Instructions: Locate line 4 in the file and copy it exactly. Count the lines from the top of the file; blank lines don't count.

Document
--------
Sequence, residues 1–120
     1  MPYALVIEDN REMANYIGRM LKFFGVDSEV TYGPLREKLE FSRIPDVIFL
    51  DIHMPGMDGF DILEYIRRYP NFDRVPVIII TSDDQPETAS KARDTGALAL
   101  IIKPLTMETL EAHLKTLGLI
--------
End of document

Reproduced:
   101  IIKPLTMETL EAHLKTLGLI